Date published: 2001-03-07
Rated 4 out of 5 by from Touching This book was wonderful! It had me in tears. It had me shaking my head and nodding my head. I was truly touched. I won't go into many details, because that would spoil it for everyone else, but the descriptions were fabulous.
Date published: 2001-02-13
Rated 5 out of 5 by from Mercy Among the Children - a satiating read This is the first book by David Adams Richards that I have read - an oversight that I intend to rectify in short order. The story line and various characters depict several of kinds of love: agape, storag, eros and philia. Furthermore, important issues of ethics and moral conduct are addressed. Responsibility of how one deals with various moral and ethical codes and their conflict is heartwarmingly addressed. Often times, at life's crossroads, we take easy routes; Sydney Henderson, on the other hand opts for the morally responsible and correct choices. Sydney suspects that the cost of his actions might end up costing him dearly, yet he perceivers, for he remains guilt free and secure in the knowledge that he does right and honourable things/deeds. His family too inherits this disposition; save his son Lyle. Lyle's actions and decisions offer a contrast to what Sydney might have done. Mr. Richards has managed to sound Maritime's chilling, winter appealing and inviting in its own right. His description has convinced me to go and visit Miramichi. Thank you Sir (not David Scone) for satiating my great appetite for good books. I shall use the book for my course work.
Date published: 2001-02-05
Rated 5 out of 5 by from Mercy! What a read!!! I pride myself in reading novels of all types from love stories to horror stories and I must say this book was in a league of its own. This is the first book that had me crying out loud and stopping to reflect upon my own life and decisions made in it. I have passed on this book to my husband who will then pass on to my mother who also appreciate an excellent read that doesn't leave one brain dead. My only regret is that I didn't spend the extra $10.00 and order the autographed book!!! Thanks for the good read Mr.Richards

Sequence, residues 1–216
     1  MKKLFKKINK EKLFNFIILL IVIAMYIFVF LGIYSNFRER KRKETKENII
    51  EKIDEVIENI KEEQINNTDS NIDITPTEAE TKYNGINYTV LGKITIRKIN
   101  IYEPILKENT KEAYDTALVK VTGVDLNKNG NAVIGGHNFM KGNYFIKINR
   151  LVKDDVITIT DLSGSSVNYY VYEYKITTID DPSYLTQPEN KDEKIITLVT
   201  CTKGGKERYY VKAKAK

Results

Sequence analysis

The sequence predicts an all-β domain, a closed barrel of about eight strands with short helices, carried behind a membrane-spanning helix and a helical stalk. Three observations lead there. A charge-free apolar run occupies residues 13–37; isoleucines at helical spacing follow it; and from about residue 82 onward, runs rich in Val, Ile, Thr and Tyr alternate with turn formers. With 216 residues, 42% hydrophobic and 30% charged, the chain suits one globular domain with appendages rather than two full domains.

Date published: 2001-01-14
Rated 5 out of 5 by from Brilliant, Without Question While I read many books, there are few authors whose new hardcover releases I buy on sight. David Adams Richards is one of them. I didn't think Richards could top his last novel (the moving "Bay Of Love And Sorrows"), yet after the final page of "Mercy Among the Children" was read, I was a loss for words once again. Immediately, I wanted to send a letter to Richards and thank him for writing such a wonderful novel, a feeling I've never had upon finishing a book before. I felt that satisfied to have been able to relish in this work of art. Richards has a way of making you care deeply about his characters. Even if your plan is to step casually into his written world with full intentions of not caring, it doesn't matter. In short time you'll find your emotions firmly invested in the people who live in this saga. You will want to know where their story goes and what fate awaits them. Along the way, you will savor each and every page. I could go on and on, but I won't. Just buy this book. It's a great read that one won't soon forget.